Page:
Thursday, April 15, 2010
First Summary of New "Safe Chemicals Act of 2010" Introduced by Senator Lautenberg
Well, it's finally here. And it's a doozy. [That's a technical term, trust me] Senator Lautenberg on April 15th introduced the 169-page Safe Chemicals Act of 2010 (SCA) to replace the 1976 Toxic Substances Control Act (TSCA). Meanwhile Congressmen Rush and Waxman introduced a slightly less bulky "discussion document" version in the House. A first look suggests the House bill is pretty close, especially on the main provisions, so any section numbers mentioned below are based on the Senate version.
First thing to notice is that the SCA will require a baseline data set on all chemicals. Some of the major provisions include:
1) The SCA will require EPA to establish a "minimum data set" for all chemicals and mixtures [this mixture thing will need a closer look]. EPA will have the authority to require testing as necessary using rules and orders.
2) Like TSCA, the SCA would require a PMN-type notification, but the data requirements would be more demanding and notifiers would have to demonstrate that their chemical meets the new safety standard.
3) Chemicals would be prioritized based on risk (not just hazard), and EPA would be required to establish a "priority list" within 18 months of enactment of "not less than 300 chemicals" for which safety determinations will first be made. Chemicals can come off the list as they are deemed safe, and new chemicals will be added for priority review so that the list will always have at least 300 substances.
4) EPA would apply a standard of "a reasonable certainty of no harm" in their determinations of safety, for which they will have a 6 month period to complete.
5) EPA would have authority to take immediate action as necessary to deal with chemicals that are deemed to be of "imminent and substantial" hazard. Actions could include banning, stop sale orders, etc.
6) Section 9 requires that within one year all manufacturers and processers must provide a declaration of current production so that an accurate Inventory of chemicals in commerce can be maintained. With this declaration they will be required to submit existing health and safety studies, information on chemical identity, production volume, uses and exposures, etc., and the declaration must be updated every three years.
7) Section 14 allows EPA to require "substantiation" of all claims of confidential business information, and the EPA is required to set standards on what is eligible for CBI.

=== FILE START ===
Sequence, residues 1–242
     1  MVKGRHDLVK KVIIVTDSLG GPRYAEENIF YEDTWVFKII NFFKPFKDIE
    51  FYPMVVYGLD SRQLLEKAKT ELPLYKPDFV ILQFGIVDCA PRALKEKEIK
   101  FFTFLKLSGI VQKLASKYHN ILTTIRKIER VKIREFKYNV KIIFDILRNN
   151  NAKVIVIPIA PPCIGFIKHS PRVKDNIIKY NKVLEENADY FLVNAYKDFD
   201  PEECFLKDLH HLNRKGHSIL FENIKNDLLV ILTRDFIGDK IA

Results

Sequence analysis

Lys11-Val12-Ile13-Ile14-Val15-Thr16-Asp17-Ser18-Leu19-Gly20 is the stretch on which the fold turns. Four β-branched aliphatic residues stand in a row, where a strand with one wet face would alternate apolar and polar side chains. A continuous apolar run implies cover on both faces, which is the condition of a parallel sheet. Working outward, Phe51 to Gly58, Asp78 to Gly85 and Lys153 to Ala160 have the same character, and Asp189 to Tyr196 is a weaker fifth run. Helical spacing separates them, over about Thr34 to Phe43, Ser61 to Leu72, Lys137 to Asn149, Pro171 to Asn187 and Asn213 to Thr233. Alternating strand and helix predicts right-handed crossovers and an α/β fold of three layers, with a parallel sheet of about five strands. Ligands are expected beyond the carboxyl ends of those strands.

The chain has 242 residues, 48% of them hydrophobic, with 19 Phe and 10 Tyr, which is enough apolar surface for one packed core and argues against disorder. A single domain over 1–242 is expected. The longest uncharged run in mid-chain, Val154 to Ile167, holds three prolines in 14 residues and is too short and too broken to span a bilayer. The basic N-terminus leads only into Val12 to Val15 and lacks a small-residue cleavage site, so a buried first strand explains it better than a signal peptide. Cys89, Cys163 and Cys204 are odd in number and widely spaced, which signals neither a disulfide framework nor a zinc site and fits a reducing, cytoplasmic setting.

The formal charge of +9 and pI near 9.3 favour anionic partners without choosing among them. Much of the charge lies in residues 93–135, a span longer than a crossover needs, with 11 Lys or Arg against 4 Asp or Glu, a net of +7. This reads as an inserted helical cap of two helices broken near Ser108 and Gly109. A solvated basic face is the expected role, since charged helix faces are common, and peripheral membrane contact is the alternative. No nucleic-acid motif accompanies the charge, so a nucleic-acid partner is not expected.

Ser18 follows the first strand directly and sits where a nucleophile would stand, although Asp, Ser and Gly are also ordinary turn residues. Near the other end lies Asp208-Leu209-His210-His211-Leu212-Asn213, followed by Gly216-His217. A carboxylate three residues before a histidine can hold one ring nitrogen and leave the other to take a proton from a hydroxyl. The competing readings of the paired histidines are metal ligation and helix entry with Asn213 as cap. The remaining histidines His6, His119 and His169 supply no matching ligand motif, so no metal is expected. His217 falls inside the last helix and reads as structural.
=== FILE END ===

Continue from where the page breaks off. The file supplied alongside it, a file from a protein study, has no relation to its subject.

8) A new section 29 expedites action on chemicals of highest concern.
9) A new section 30 requires the establishment of a Children's Environmental Health Research Program within 90 days after enactment of the law.
10) Section 31 stipulates that great effort should be put into the reduction of animal testing to support data needs, including the use of QSARs, read-across, in vitro methods, etc.
11) Section 32 provides incentives for development of safer chemical alternatives and greener chemistry.
12) Section 35 creates a new section in which EPA is required to identify, assess and develop action plans to address the disproportionate exposures of certain populations and localities (i.e., environmental justice concerns).
13) The cooperation of the US with international efforts to reduce chemical risk is highlighted. Specifically mentioned (as I have noted here previously) are the Stockholm Convention, LRTAP POPs protocol, and Rotterdam Convention, all of which deal with persistent organic pollutants (POPs) and persistent, bioaccumulative and toxic (PBT) chemicals. The US has signed on to all of these in the past but never ratified them, which puts us in the awkward position of not being able to vote on what other countries want to do with chemicals used in the US.
There are many other sections and provisions, of course, that deal with the nuts and bolts and logistics of implementation. In the following days I will take a look at the reactions of NGOs, the EPA, and industry. I'll also dig into the details and see where the main areas of contention will likely be as the bills are discussed over the following months.
Representatives Rush and Waxman have indicated they expect to have a series of meetings with stakeholders over the next month and a half in an effor to fine-tune the bill. While Lautenberg still hopes that the bill will pass in this Congress, there is a general sense by many that it won't be possible given the incredibly busy Congressional docket and the likely contentiousness of this year's mid-term elections. So we'll have to see what happens. While I believe all stakeholders are interested in getting something passed, it could be that the next several months are focused on getting a bill that both protects human health and the environment and is workable.
Download the Senate bill here
Download the House bill here
Download a section-by-section summary of the House bill here